Illustration by Tyler Carpenter
On the heels of the divisive presidential election, the current political climate has fostered discussion and drawn reaction from the sports world in a way unseen in a long time. When today’s athletes choose to speak out, they are entering a raging maelstrom where society can no longer even agree on what the facts are.
It has left many athletes and coaches speaking up on matters in which they disagree with President Donald Trump or players showing their support for their beliefs through actions on the field. Golden State Warriors coach Steve Kerr has spoken out on political issues, as has San Antonio Spurs coach Gregg Popovich.
Kerr voiced his support of All-Star and two-time MVP Stephen Curry’s response to his chief sponsor’s comments about the president. Kerr’s message to his team is straightforward: If you’re passionate about a subject, and more importantly, you are well-read on it, then don’t be afraid to voice your opinion, even if is unpopular.
Six members of the Super Bowl-winning New England Patriots have said they will not attend the customary visit to the White House citing various reasons including political differences with the president.
San Francisco 49ers quarterback Colin Kaepernick kneeled during the national anthem because he believes that the anthem represents a country that oppresses people of color. Several other players around the league joined him in kneeling, raising a fist, or another form of expression during the national anthem.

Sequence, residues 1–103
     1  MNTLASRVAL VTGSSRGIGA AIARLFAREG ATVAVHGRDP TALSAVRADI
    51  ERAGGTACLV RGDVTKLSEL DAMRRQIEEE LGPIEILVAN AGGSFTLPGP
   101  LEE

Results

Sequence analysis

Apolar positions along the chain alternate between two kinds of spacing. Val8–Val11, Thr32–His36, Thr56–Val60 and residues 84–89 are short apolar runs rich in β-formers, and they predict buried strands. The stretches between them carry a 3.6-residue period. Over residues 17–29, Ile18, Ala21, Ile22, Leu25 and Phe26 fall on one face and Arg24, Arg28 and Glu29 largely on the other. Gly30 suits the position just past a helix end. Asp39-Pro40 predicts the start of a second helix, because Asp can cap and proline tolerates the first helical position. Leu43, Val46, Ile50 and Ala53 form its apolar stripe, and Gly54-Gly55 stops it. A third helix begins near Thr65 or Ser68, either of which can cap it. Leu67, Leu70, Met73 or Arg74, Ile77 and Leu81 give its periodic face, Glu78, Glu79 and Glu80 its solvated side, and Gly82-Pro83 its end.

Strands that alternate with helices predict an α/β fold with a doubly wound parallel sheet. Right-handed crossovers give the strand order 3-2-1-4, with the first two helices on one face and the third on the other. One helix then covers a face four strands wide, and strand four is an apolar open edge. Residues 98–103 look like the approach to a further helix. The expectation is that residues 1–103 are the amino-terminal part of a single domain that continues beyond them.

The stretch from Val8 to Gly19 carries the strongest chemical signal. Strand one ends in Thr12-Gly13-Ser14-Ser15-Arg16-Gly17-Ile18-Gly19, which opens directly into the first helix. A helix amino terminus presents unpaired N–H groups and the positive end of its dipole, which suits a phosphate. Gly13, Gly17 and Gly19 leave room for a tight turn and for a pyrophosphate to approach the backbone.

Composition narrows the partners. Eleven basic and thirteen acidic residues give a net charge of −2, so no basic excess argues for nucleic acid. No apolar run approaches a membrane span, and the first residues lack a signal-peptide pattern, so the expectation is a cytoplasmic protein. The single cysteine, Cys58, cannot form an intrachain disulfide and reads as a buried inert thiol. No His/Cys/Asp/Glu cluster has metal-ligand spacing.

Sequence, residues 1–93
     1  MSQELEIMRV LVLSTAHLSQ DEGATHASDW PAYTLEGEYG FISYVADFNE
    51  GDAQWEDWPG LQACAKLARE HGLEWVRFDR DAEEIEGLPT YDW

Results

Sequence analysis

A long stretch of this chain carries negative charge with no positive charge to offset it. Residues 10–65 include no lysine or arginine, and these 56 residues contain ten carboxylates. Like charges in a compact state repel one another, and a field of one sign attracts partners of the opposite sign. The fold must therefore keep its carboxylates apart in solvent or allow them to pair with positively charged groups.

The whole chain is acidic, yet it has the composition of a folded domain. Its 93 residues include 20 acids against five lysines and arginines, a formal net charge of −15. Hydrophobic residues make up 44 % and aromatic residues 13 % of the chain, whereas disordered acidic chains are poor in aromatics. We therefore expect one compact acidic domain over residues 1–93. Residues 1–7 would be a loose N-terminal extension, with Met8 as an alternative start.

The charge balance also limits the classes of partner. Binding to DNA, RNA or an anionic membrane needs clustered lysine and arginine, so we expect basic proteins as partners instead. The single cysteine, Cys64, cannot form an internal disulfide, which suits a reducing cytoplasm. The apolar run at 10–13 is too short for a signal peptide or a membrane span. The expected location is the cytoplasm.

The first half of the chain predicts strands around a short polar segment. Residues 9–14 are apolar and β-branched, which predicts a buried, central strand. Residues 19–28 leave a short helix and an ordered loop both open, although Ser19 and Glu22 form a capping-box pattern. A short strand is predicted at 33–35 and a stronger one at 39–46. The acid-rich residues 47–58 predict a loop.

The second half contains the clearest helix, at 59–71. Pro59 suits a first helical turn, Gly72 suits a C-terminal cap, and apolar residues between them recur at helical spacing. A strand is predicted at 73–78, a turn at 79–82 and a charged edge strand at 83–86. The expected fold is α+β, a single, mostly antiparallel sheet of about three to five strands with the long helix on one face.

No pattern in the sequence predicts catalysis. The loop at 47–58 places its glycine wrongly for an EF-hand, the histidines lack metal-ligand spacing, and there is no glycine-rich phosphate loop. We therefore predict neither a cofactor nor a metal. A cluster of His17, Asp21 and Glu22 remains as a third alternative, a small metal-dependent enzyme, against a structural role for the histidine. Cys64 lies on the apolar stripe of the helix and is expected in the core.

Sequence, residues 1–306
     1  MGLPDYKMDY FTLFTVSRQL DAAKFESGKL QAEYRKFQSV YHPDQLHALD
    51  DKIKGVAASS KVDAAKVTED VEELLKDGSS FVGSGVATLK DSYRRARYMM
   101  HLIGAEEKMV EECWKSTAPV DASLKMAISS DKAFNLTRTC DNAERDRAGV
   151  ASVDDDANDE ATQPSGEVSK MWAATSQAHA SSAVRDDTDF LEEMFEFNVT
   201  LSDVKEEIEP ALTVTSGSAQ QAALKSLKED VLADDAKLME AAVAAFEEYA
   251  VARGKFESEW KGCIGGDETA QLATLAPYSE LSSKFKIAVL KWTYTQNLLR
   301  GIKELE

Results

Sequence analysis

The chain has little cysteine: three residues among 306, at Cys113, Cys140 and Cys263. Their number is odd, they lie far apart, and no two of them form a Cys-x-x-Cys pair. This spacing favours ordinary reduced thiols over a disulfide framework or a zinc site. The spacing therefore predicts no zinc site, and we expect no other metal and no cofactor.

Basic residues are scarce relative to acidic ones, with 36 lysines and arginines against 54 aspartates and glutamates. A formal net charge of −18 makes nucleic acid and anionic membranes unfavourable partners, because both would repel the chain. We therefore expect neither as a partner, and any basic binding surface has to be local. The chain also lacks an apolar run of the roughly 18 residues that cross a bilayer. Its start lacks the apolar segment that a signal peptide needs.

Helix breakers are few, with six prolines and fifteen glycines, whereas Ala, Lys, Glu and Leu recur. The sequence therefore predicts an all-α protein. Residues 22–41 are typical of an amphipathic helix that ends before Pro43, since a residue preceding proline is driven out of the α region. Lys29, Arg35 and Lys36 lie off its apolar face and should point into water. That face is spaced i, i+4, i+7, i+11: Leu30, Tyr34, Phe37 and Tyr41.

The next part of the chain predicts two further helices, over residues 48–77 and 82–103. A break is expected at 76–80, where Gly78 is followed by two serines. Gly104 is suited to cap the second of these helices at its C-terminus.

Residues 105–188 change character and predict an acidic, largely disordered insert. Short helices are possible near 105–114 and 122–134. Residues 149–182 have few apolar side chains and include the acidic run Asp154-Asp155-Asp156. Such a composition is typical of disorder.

Last July, LeBron James, with a trio of other NBA stars, implored fellow professional athletes to educate themselves with the issues facing America and to use their platform for activism. Some fans, though, continue to hold strong to the “stick to sports” mantra in the polarized political landscape.
Should student-athletes be expected to voice their support and beliefs for social issues as James has asked of professional athletes? How well read should collegiate athletes be expected to be on social issues?
College is a time for ideas to be developed and opinions formed. Generally, professionals have the advantage of being older and have more life experience to draw upon. Student-athletes also have the right to use their platform to stand up for what they believe, even if those ideas are fluid.
The added dimension of political statements and activism in college sporting events would raise community interest and provoke the type of conversations our respective communities need to have. Such public discourse will have a greater impact if the athletes have studied the issue and used reliable sources. If they do not, then they will embarrass both themselves and the university. Instead of sparking intelligent dialog, they will simply become one of the chorus of uninformed voices.
Athletes are popular figures around campus and receive more attention than typical students. As they become informed and take stands on issues facing the community, hopefully other students will follow suit.
Ty Bianucci is a life-long fan of the San Francisco Giants, 49ers and Golden State Warriors who started on the sports beat for The Review, but now contributes investigative stories. He, along with two of his colleagues, were awarded the Sunshine Award in 2018 by the Society of Professional Journalists.